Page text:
There is an additional rule in the regulations under Section 469 that applies to the treatment of rental activities: Treasury Regulation Section 1.469-4, which sets forth the grouping rules for purposes of Section 469 for determining the scope of an “activity” for purposes of Section 469. Separate from the exception to the per se passive rule for real estate professionals in Section 469(c)(7) and separate from the exceptions to the definition of “rental activity” in Treasury Regulation Section 1.469-1T(e)(3), Treasury Regulation Section 1.469-4(d)(1)(i) provides, in pertinent part, that a rental activity may be grouped with active trade or business activities if they constitute an appropriate economic unit and the rental activity is insubstantial in relation to the trade or business activity.[ii]

This grouping rule effectively provides an additional exception to the definition of rental real estate, as recognized in Treasury Regulation Section 1.469-9(b)(3) (definition of “Rental real estate” for purpose of Treasury Regulation Section 1.469-9: “Rules for certain rental real estate activities”), which provides: “[A]ny rental real estate that the taxpayer grouped with a trade or business activity under §1.469-4(d)(1)(i)(A) … is not an interest in rental real estate for purposes of this section.”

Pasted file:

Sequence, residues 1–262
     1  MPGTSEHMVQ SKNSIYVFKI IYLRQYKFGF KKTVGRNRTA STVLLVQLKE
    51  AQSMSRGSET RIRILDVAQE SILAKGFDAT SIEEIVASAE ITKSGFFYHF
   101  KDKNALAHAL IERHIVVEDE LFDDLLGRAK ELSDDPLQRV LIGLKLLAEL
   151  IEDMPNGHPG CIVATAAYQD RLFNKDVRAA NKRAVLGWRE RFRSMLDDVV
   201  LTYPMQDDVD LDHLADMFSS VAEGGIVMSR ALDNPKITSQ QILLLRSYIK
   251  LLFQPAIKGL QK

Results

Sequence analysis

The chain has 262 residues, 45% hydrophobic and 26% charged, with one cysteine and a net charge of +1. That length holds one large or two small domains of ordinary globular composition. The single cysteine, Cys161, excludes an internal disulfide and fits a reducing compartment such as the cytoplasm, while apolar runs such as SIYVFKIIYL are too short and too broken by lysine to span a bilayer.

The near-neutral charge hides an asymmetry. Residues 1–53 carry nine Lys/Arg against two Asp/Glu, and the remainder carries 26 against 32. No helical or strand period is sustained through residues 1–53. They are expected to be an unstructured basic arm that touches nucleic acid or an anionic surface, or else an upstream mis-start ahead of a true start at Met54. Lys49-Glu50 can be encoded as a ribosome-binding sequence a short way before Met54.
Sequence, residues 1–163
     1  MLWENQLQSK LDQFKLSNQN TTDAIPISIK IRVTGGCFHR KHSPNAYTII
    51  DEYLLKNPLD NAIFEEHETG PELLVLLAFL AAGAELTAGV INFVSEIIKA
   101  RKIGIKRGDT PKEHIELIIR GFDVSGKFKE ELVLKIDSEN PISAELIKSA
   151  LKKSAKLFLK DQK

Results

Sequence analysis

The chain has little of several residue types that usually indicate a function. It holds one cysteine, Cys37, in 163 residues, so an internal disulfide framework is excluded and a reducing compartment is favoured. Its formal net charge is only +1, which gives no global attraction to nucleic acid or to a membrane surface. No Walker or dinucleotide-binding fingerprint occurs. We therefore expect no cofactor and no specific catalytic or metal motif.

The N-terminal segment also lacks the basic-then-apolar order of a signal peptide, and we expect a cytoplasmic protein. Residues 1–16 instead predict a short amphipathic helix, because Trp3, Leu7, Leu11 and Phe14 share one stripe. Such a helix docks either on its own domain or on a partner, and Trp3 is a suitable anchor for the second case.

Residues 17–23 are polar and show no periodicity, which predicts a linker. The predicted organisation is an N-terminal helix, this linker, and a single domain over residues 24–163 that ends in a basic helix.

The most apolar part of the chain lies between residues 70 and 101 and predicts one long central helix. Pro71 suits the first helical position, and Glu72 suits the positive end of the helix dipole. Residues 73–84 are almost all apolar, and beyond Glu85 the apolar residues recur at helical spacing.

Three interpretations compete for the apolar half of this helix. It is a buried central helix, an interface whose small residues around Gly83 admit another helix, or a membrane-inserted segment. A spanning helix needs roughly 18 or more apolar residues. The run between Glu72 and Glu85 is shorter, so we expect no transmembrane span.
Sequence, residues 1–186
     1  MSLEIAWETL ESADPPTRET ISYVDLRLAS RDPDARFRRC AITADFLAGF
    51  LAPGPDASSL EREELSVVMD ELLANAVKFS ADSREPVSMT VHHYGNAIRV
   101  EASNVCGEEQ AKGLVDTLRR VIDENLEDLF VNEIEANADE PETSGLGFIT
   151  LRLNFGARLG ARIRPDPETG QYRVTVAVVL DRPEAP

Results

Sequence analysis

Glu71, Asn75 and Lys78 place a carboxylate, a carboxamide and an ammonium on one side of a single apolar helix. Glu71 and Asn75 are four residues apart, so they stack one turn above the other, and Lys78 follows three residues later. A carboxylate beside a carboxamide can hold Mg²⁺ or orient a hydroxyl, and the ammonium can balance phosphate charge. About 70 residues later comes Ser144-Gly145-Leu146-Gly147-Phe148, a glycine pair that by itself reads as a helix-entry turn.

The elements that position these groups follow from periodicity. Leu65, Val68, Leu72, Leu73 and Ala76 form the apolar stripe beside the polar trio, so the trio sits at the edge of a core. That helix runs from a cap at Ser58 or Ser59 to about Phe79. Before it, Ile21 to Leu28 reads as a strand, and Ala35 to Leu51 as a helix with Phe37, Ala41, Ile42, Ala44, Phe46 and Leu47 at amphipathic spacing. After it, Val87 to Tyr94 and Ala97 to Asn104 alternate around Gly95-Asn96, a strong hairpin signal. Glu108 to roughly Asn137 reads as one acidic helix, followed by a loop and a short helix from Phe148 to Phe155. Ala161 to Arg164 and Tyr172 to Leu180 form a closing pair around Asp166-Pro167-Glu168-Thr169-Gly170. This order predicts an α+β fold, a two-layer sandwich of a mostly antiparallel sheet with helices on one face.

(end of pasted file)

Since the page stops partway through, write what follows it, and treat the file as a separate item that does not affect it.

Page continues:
However, there has been little guidance that taxpayers can rely on for determining whether a rental activity can be combined with another trade or business because it is insubstantial in relation to the rest of the trade or business. In an earlier version of the regulations (Treas. Reg. § 1.469-4T), the IRS set forth a quantitative test to determine whether a rental activity is insubstantial in relation to a non-passive activity.  The regulation explained that the rule that rental operations and nonrental operations must generally be treated as separate undertakings does not apply if, in pertinent part, “more than 80 percent of the income of the undertaking determined under the basic rule is attributable to one class of operations (i.e., rental or nonrental).”[iii]